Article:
When it comes to the criticism of indigenous projects, we are very proactive, confident and repetitive. One can find enormous amount of literature criticising the projects undertaken by Indian PSUs or DRDO or other government agencies. Some comment on the delays, some voice their expert views on the quality of the product, while some others may cry about the amount of money spent. It is surprising that even though most of these projects neither directly nor indirectly affect our daily life, we find it relevant to criticise but if a road is being dug up for months, footpath made unusable for weeks, flyover being under construction for years, railway line or metro on the verge of commissioning for decades, no one creates that big scene even though these things affect our day to day life!
Post independence, Tejas is one of the India’s biggest achievements in terms of technological advancement, self reliance, indigenous content, in-house facilities etc. The moment Tejas comes to the mind one promptly jumps to other aspects such as delays, costs, outcome etc. etc. And that’s how picture is painted to the common public.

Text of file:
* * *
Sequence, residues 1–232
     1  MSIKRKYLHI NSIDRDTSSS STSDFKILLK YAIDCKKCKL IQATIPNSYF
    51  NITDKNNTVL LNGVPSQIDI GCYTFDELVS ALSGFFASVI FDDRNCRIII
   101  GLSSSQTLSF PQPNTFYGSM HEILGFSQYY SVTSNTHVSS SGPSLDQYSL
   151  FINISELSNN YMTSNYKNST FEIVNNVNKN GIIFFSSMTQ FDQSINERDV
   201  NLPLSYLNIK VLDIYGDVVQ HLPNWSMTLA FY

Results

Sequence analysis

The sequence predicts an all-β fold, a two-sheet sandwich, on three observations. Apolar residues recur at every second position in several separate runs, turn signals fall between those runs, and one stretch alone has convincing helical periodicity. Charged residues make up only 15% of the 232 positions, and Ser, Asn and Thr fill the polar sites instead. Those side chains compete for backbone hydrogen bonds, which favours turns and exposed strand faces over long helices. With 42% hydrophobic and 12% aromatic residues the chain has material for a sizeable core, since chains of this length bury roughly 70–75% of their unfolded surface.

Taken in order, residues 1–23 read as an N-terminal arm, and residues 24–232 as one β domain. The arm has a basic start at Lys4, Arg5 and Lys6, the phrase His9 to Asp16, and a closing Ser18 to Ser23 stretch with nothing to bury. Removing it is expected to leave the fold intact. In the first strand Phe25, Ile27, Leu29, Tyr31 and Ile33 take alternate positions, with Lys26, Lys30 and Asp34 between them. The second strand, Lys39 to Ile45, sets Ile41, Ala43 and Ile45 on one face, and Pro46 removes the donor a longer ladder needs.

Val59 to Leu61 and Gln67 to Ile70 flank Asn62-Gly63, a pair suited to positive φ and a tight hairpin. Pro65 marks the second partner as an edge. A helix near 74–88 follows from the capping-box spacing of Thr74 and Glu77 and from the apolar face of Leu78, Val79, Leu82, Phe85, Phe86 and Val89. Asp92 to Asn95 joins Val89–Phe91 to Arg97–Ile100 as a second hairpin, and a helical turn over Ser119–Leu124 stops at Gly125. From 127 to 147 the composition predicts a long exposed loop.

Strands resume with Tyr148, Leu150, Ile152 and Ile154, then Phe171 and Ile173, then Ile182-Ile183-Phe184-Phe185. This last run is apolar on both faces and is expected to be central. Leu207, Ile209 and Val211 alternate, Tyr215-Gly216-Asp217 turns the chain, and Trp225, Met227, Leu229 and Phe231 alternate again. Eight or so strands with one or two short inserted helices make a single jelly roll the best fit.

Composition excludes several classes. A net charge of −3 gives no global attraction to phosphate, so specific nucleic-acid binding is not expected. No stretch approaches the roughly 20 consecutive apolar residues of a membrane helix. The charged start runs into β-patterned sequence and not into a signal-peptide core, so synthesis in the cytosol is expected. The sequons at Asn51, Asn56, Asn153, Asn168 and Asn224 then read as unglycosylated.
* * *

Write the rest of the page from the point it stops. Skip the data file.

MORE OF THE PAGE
While counting the time taken by Tejas to come to shape, people start from the year 1983. I always wondered why they do not start from 1969 when the government accepted the recommendation by an expert committee to develop a fighter aircraft. The nodal Agency Aeronautical Development Agency (ADA) itself was established somewhere in 1984. Many do not even know that the requirements for this indigenous fighter was not finalised until end 1985! So, when did the actual t-zero start? Whether to start the clock from 1987 when the project definition phase commenced or the year 1990 when the design was finalised? Going further ahead, can we say that the commencement of the real physical project started in the year 1993 which had the provision for making two technology demonstrator (TD) aircraft as the proof of concept as India had never ever undertaken such a complex system.